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Patient-Reported Outcome questionnaires for hip arthroscopy: a systematic review of the psychometric evidence

  • Marsha Tijssen1Email author,
  • Robert van Cingel1, 2,
  • Nicky van Melick1 and
  • Enrico de Visser3
BMC Musculoskeletal Disorders201112:117

DOI: 10.1186/1471-2474-12-117

Received: 12 November 2010

Accepted: 27 May 2011

Published: 27 May 2011

Abstract

Background

Hip arthroscopies are often used in the treatment of intra-articular hip injuries. Patient-reported outcomes (PRO) are an important parameter in evaluating treatment. It is unclear which PRO questionnaires are specifically available for hip arthroscopy patients. The aim of this systematic review was to investigate which PRO questionnaires are valid and reliable in the evaluation of patients undergoing hip arthroscopy.

Methods

A search was conducted in Pubmed, Medline, CINAHL, the Cochrane Library, Pedro, EMBASE and Web of Science from 1931 to October 2010. Studies assessing the quality of PRO questionnaires in the evaluation of patients undergoing hip arthroscopy were included. The quality of the questionnaires was evaluated by the psychometric properties of the outcome measures. The quality of the articles investigating the questionnaires was assessed by the COSMIN list.

Results

Five articles identified three questionnaires; the Modified Harris Hip Score (MHHS), the Nonarthritic Hip Score (NAHS) and the Hip Outcome Score (HOS). The NAHS scored best on the content validity, whereas the HOS scored best on agreement, internal consistency, reliability and responsiveness. The quality of the articles describing the HOS scored highest. The NAHS is the best quality questionnaire. The articles describing the HOS are the best quality articles.

Conclusions

This systematic review shows that there is no conclusive evidence for the use of a single patient-reported outcome questionnaire in the evaluation of patients undergoing hip arthroscopy. Based on available psychometric evidence we recommend using a combination of the NAHS and the HOS for patients undergoing hip arthroscopy.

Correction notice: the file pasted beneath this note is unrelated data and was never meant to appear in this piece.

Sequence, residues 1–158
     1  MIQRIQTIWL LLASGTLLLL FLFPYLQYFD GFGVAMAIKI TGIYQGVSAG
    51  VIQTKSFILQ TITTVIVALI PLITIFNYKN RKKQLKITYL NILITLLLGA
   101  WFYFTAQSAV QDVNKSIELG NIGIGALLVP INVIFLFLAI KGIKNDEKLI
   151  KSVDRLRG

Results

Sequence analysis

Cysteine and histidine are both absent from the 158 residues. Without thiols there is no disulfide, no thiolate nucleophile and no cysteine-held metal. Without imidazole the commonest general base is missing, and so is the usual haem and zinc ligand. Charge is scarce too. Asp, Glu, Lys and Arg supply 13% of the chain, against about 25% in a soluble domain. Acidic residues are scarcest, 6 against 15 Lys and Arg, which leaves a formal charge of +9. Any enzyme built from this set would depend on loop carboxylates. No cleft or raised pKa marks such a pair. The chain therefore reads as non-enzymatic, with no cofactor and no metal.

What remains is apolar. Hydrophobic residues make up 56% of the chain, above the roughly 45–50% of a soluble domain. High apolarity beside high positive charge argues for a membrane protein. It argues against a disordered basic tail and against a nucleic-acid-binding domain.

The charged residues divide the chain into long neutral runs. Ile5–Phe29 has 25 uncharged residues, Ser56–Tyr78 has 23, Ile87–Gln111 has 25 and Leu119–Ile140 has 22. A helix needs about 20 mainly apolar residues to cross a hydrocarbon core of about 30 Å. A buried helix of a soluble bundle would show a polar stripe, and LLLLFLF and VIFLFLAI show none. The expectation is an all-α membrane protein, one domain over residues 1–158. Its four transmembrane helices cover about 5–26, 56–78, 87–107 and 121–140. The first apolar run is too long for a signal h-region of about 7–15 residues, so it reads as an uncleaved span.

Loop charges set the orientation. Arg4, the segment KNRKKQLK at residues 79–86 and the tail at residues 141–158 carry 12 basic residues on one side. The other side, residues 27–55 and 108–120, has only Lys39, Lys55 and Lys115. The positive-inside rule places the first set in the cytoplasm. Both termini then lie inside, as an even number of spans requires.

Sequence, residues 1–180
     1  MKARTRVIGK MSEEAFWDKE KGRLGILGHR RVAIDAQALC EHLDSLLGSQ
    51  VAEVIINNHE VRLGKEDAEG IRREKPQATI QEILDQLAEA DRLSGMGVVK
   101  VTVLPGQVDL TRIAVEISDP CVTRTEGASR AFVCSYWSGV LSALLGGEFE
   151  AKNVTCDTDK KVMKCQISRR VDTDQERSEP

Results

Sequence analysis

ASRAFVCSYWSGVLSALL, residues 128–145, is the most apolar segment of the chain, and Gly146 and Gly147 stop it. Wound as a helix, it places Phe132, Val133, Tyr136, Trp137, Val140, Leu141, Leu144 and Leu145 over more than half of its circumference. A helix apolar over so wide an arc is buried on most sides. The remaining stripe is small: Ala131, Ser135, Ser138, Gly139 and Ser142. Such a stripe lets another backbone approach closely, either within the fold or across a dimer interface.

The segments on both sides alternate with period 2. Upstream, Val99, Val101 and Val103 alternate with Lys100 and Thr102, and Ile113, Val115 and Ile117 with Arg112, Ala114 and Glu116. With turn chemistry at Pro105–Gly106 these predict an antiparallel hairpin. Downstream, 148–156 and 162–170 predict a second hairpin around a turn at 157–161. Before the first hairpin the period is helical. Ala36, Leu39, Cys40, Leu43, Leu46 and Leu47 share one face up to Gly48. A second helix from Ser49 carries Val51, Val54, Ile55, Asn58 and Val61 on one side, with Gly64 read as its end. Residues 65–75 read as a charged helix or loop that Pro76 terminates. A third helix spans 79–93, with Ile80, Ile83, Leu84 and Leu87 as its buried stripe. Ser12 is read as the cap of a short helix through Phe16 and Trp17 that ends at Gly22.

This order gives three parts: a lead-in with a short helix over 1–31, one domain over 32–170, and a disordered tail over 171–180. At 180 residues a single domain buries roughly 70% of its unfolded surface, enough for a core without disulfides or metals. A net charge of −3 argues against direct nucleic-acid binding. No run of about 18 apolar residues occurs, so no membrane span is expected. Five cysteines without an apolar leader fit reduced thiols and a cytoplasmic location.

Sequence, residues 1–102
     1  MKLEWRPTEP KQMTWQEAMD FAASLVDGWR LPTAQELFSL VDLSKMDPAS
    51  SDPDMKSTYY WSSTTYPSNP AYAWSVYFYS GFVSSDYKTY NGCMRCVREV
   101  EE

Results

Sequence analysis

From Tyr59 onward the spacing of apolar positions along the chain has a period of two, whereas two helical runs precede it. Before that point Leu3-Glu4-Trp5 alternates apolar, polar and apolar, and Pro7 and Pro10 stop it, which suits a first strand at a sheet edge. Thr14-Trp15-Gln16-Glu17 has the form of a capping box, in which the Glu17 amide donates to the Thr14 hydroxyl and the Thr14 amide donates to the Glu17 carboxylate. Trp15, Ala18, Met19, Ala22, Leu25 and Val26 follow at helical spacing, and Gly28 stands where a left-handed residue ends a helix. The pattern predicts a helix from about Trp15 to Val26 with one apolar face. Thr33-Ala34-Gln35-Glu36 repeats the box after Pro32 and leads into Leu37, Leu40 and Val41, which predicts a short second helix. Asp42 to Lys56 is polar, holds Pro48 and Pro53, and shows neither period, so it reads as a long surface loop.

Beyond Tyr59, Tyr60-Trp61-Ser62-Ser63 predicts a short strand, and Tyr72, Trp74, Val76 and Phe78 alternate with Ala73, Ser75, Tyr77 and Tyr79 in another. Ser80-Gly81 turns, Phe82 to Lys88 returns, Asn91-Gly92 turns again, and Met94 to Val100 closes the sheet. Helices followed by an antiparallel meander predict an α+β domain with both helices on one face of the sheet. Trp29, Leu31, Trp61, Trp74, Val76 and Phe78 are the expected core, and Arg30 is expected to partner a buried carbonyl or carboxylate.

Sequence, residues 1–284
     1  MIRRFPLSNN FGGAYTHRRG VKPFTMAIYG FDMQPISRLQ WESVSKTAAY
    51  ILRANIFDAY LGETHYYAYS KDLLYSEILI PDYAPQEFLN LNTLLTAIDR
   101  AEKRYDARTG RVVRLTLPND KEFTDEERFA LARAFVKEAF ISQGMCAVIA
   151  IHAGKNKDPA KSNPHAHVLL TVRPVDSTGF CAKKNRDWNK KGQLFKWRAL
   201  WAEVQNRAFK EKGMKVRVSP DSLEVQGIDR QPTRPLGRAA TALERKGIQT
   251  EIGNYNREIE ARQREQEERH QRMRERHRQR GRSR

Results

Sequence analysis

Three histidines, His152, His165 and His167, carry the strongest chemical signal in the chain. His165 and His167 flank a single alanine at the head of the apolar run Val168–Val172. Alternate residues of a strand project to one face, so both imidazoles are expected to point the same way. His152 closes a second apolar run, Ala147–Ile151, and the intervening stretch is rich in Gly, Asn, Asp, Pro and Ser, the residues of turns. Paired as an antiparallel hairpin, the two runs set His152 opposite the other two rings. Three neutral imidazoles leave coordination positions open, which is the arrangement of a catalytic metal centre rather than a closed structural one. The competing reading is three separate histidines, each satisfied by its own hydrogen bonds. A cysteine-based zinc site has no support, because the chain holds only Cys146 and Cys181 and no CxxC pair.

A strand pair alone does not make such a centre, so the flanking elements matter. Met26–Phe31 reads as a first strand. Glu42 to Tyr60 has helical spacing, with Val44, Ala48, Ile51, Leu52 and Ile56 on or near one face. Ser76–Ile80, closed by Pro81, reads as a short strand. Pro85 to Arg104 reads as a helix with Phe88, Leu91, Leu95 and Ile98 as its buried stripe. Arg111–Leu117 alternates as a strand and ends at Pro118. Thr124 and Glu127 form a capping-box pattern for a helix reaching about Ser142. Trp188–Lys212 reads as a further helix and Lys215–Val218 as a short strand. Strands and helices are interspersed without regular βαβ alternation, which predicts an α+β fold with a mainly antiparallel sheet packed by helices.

Background

Hip arthroscopy is a relatively new procedure in the management of hip disorders [1, 2]. It has first been described by Burman [3] in 1931, but has not evolved into general use since approximately the last two decades [4]. The indications for hip arthroscopy are numerous and include, symptomatic labral tears, femoroacetabular impingement (FAI), loose bodies, synovitis, chondral defects and degenerative conditions of the hip [4, 5]. This broad range of indications also implies a broad range of patients [6, 7]. Arthroscopies are performed on adolescents and professional athletes, but also on older populations (<55 years) [2, 79]. Exact numbers on incidence and prevalence of these surgical interventions are unknown.

The number of hip arthroscopies is rising because of improvements in surgical technique and a better understanding of the pathology associated with the hip joint [10]. Therefore, the need for outcome related research increases [10]. One important parameter in outcome-related research in all areas of medicine is the patient's perspective [11]. As Patrick et al. [11] described patient-reported outcomes (PROs) should serve as a golden standard in the assessment of musculoskeletal conditions where the patients perspective and health-related quality of life are of main interest.